The mango season is ending – thank goodness!

This year, our mango orchard turns five, and we harvested close to 500 fruit over about two and a half months.

The first few batches, which included windfalls, hailfalls, elephant knock-downs, cat knock-downs, wild boar pull-downs, half eaten fruits left by birds and squirrels, and fruit-fly infested fallers, had us running around desperately trying to salvage what we could. I made three kinds of pickle – chhunda, avakkai and manga thokku – with the raw ones. And juice and jam with the ripe ones. On the advice of my friend Padmini at Navadarshanam I’ve been flinging quantities of grated raw mango into sambar, rasam and dal, instead of tamarind or lime juice.   I’ also froze as much pulp as my small freezer would hold. We were hesitant to give away the unaltered mangoes  as more than half in each batch turned out bad. My compost pits and pots were overflowing. Plus, you’re supposed to bury the infested ones far away from the orchard. Anyway, after all that hard work, we are finally on the home stretch. The fruits are almost over, and these last ones are delicious, firm fleshed, wonderfully aromatic, the perfect blend of sweet and sour.

I fondly hope the trees are learning to cope with the pests on their own. And now we can proudly distribute them to family, friends and neighbours.

Trees in our windy land tend to grow slowly. This is one of ours, early in the season:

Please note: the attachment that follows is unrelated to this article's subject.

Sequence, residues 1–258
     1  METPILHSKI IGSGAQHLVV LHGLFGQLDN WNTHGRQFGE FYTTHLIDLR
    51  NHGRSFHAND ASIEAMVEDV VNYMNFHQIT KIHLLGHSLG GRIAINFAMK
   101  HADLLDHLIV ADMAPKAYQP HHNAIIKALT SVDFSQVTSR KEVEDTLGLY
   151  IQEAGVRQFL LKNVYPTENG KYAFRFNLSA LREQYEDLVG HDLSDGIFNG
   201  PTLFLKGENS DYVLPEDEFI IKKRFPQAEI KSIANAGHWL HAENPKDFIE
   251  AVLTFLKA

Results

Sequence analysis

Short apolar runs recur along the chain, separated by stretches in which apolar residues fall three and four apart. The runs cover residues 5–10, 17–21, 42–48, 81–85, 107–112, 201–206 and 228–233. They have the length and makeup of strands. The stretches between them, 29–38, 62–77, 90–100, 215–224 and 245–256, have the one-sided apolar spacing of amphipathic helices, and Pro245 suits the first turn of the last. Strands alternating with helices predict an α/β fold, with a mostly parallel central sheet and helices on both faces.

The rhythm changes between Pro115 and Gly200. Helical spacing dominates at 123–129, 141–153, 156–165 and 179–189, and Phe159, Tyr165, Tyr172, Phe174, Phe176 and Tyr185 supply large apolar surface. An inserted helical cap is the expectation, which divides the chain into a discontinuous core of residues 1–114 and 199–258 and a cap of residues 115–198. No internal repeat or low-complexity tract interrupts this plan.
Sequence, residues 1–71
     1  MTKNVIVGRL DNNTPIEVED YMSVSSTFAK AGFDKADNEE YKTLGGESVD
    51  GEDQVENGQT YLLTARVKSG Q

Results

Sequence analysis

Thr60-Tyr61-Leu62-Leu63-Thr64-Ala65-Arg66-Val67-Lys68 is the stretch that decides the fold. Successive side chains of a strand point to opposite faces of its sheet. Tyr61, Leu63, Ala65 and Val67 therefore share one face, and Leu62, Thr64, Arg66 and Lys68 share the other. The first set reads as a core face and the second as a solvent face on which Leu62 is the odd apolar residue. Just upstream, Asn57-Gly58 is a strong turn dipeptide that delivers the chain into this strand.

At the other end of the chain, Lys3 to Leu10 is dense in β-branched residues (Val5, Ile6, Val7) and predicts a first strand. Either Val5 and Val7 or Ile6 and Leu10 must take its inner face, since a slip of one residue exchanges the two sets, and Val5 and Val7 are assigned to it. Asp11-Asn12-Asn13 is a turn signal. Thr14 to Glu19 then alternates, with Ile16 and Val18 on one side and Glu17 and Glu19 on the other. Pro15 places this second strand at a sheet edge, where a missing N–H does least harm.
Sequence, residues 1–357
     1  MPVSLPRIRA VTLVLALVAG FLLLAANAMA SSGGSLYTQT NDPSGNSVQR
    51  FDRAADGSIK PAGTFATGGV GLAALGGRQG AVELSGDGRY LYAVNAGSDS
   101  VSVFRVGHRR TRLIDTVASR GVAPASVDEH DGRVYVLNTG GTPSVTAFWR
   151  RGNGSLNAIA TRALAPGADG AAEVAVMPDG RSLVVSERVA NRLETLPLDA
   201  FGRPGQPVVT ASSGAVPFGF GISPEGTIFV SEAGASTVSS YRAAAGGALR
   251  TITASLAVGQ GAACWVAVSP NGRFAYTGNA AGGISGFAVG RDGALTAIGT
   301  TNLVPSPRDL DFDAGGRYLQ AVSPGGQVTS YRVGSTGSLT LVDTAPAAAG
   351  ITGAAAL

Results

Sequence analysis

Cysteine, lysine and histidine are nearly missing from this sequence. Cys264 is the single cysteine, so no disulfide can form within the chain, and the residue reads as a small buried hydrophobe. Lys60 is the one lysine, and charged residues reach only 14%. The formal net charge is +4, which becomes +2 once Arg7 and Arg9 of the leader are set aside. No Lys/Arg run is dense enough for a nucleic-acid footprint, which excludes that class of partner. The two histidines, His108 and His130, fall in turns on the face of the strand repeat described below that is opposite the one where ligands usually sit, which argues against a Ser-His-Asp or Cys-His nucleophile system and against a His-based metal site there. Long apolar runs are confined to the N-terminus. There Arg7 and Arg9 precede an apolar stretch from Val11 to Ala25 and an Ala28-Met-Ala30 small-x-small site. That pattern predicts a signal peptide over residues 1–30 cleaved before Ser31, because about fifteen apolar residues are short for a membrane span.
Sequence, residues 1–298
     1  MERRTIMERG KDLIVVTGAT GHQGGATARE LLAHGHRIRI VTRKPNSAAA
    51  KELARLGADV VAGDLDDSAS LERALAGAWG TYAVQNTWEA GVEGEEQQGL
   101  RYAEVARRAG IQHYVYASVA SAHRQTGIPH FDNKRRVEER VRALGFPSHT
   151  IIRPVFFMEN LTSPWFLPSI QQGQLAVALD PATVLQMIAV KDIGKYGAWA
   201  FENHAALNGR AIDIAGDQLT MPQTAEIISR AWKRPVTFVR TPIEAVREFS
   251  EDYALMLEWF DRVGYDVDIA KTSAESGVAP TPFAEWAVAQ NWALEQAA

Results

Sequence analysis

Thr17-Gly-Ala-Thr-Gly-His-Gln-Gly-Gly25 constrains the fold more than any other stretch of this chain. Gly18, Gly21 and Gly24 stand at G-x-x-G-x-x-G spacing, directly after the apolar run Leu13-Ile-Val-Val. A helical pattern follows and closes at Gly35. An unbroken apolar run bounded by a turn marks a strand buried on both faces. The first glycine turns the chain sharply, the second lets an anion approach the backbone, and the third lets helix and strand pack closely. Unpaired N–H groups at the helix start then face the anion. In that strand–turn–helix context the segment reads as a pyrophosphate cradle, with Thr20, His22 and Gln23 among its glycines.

And here is a huge old wild mango I saw on one of our cross country walks:

It’s nice to imagine our trees growing to this size, even if we won’t be around to see it!

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10 responses to “The mango season is ending – thank goodness!

    • Some already look wild! These are grafted trees, and we were told to cut off any shots that he below the graft, but we didn’t have the heart. So some of them have their wild forebears flourishing. But contrary to what I expected, those fruits seem more vulnerable to pests. Maybe they take longer to settle in because they have much longer lives.

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  1. Yes, nice as it is, it takes a lot of work. I remember a time when my heart quailed at the sight of a fruit-laden mango tree. But it is also a gladdening sight. Enjoy those mangoes on your table! Usha

    On Sun, Jun 24, 2018 at 10:00 PM, The Long View wrote:

    > thelongview posted: “This year, our mango orchard turns five, and we > harvested close to 500 fruit over about two and a half months. The first > few batches, which included windfalls, hailfalls, elephant knock-downs, cat > knock-downs, wild boar pull-downs, half eaten fruits le” >

    Liked by 1 person

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